Synopsis of Presentation:

This presentation gives an overview of the current status of CCF in Ireland. It outlines the results of a survey of forest owners/managers conducted in 2012 which revealed the extent to which, and on what site types, CCF was being practiced in Irish forests. It also presents the results of site visits to a random sample of these sites.

For the past decade or so, research into initiating the transformation process to CCF has been conducted. Originally this research focussed on transforming older stands to CCF through underplanting, more recently experiments exploring the transformation process using different approaches to thinning have been conducted. An overview of the key results from this research will be presented focussing on the results of the thinning experiment.

A number of other initiatives in relation to CCF in Ireland will be described. This will include a description of the expansion of the AFI network and a training exercise on crown thinning that was conducted with forest owners, forest owners and a non forestry group.


Conference Resources:

  • Download/View Áine ní Dhubháin and Lucie Vítková’s Presentation  [PDF, 1.9 MB]
  • Watch Áine ní Dhubháin and Lucie Vítková’s Presentation  [Youtube]

Websites and References:

  1. Ní Dhubháin, Á. 2010. An evaluation of continuous cover forestry in Ireland. COFORD, Department of Agriculture, Fisheries and Food, Dublin. Link to PDF  [PDF, 2.0 MB]
  2. Vítková, L., í Dhubháin, Á., O’Tuama, P. and Purser, P. (2013). The practice of Continuous Cover Forestry in Ireland. Irish Forestry Vol 70 No 1-2. pp 141-156.
  3. Ní Dhubháin, Á., O’Leary, D., Keane, M., Farrelly, N. and O’Hare, D. 2001. An Assessment and Demonstration of Continuous Cover Forests in Ireland. Final Report to COFORD. 121 pp.


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Speaker:

Klaus Puettmann

Klaus Puettmann
Edmund Hayes Professor in Silviculture Alternatives,
Oregon State University
Website: www.cof.orst.edu/cof/fs/kpuettmann/group.htm

Biography:

Klaus Puettmann is Edmund Hayes Professor in Silviculture Alternatives at Oregon State University. He grew up in Germany and received a degree from Albert-Ludwig University, Freiburg and from Oregon State University. He was a faculty member at the University of Minnesota from 1992 to 2000 and has been working at OSU since 2001. He has published over 75 peer reviewed papers and two books. His research interests include silviculture and stand development of diverse structured forests, spatial dynamics of plant interactions, and density management. His most recent efforts focused on management aspects that increase adaptability and resilience of forest ecosystems.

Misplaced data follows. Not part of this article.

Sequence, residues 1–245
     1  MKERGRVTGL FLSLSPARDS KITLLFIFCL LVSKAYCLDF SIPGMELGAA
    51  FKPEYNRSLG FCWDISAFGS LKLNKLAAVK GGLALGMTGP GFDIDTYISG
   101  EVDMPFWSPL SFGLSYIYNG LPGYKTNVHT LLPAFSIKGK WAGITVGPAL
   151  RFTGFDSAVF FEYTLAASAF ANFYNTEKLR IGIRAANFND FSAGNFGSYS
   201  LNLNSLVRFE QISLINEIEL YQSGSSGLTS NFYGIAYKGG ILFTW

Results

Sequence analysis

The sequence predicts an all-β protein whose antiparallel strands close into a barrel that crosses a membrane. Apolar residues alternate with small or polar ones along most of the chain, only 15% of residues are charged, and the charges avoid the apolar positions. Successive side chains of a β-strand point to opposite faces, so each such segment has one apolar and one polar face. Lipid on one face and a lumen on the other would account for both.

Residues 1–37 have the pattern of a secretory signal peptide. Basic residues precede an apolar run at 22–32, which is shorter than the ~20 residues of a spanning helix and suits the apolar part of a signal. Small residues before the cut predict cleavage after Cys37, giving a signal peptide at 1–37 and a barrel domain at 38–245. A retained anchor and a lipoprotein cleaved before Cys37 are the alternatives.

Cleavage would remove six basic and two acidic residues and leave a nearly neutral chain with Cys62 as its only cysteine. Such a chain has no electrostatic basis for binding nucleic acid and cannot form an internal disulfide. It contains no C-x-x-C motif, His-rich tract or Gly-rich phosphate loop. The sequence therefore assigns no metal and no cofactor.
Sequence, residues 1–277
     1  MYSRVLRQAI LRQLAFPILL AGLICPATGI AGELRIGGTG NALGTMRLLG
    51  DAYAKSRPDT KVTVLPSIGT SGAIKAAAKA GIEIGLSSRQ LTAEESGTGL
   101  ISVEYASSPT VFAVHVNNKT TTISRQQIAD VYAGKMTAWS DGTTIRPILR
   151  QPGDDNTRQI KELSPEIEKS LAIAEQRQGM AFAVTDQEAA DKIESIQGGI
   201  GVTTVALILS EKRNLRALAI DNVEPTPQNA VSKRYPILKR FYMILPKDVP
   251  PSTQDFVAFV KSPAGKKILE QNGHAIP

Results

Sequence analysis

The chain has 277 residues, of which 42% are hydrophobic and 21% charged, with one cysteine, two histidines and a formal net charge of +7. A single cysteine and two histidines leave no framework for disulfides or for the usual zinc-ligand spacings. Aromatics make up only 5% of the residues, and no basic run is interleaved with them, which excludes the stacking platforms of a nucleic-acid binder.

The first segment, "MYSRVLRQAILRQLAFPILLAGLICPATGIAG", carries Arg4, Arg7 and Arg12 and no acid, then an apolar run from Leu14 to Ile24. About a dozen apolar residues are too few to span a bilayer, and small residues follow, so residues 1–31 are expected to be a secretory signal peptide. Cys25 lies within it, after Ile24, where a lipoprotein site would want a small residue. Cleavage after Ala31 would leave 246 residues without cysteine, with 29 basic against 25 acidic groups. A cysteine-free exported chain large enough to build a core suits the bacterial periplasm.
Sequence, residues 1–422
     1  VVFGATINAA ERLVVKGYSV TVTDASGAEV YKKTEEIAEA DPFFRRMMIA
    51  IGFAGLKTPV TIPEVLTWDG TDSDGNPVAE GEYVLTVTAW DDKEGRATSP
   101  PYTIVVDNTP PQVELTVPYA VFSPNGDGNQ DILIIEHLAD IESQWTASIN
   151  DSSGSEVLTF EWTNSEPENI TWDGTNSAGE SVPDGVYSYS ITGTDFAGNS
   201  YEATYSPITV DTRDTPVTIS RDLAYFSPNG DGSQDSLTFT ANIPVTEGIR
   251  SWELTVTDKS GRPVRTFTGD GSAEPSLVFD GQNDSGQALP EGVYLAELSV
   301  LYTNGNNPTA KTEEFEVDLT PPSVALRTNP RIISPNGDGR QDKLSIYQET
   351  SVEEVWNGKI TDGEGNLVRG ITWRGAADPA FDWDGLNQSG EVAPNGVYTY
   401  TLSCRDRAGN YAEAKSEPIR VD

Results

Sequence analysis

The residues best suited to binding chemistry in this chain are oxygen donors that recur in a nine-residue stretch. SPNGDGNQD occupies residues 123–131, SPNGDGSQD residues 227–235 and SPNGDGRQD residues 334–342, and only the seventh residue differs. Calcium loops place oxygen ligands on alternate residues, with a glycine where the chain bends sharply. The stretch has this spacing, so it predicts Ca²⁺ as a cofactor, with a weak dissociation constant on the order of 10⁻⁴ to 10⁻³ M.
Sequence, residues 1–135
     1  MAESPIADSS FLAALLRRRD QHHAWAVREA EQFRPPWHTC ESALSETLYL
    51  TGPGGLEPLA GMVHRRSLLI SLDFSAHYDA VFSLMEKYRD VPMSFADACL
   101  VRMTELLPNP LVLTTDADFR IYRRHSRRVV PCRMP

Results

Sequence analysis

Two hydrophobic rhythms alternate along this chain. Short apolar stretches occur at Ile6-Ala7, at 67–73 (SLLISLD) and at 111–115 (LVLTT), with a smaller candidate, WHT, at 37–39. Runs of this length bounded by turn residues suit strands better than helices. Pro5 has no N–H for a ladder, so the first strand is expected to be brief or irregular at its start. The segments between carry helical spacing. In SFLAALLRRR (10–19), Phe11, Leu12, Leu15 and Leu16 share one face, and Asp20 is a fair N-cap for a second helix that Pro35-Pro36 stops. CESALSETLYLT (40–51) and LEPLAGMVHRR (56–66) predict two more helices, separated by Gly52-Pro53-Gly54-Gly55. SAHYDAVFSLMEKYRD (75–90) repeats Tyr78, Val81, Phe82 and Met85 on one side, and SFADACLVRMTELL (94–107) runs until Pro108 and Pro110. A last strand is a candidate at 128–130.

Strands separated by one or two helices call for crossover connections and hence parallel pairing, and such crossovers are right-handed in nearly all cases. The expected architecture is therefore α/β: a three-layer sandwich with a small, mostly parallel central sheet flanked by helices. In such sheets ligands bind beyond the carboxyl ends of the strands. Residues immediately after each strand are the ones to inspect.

Synopsis of Presentation:

Continuous-cover forestry and similar alternative silviculture approaches are defined by a set of practices, including 1) partial harvests, 2) variability at small spatial scales 3) mixed species, 4) strong preference for natural regeneration, and 5) avoidance of intensive site preparation and weed control practices. This talk addresses the questions: what is limiting the wider, global application of alternative silviculture approaches and what can we learn from our understanding of these limitations? The presentation highlights how assumptions about social and economic settings, logistic and administrative challenges, and ecological conditions relate to the global implementation of alternative silviculture practices. The talk concludes by suggesting to move beyond an emphasis on principles and practices and develop a sound scientific foundation for alternative silviculture approaches. This foundation should specifically address two future challenges: 1) a renewed focus on managing for multiple values and 2) a special emphasis how management affects the capacity of ecosystems to adapt to changing environmental, social, and economic conditions.

 

Conference Resource:

 

Websites and References:

  1. www.resalliance.org
  2. Brang, P., Spathelf, P. Larsen, P.B., Bauhus, J. Boncina, A., Chauvin, C., Drossler, L. Garcia-Guemes, C., Heiri, C. ; Kerr, G. Lexer, M.J., Mason, W. Mohren, F. Muhlethaler, U., Nocentini, S., Svoboda, M. 2014. Forestry doi: 10.1093/forestry/cpu018
  3. Gustafsson, L., S. C. Baker, J. Bauhus, W. J. Beese, A. Brodie, J. Kouki, D. B. Lindenmayer, A. Lõhmus, G. M. Pastur, and C. Messier. 2012. Retention forestry to maintain multifunctional forests: a world perspective. BioScience 62:633-645.
  4. Messier, C. , Puettmann, K.J. and D. Coates (edts.) 2013. Managing Forests as Complex Adaptive Systems: Building Resilience to the Challenge of Global Change. Earthscan, London. Link
  5. Puettmann, K.J. 2014. Restoring the adaptive capacity of forest ecosystems. Journal of Sustainable Forestry. 33:sup1, S15-S27.
  6. Filotas, E., L. Parrott, P.J. Burton, R.L. Chazdon, K.D. Coates, L. Coll, S. Haeussler, K. Martin, S. Nocentini, K.J. Puettmann, F.E. Putz, S.W. Simard, and C. Messier. 2014. Viewing forests through the lens of complex systems science.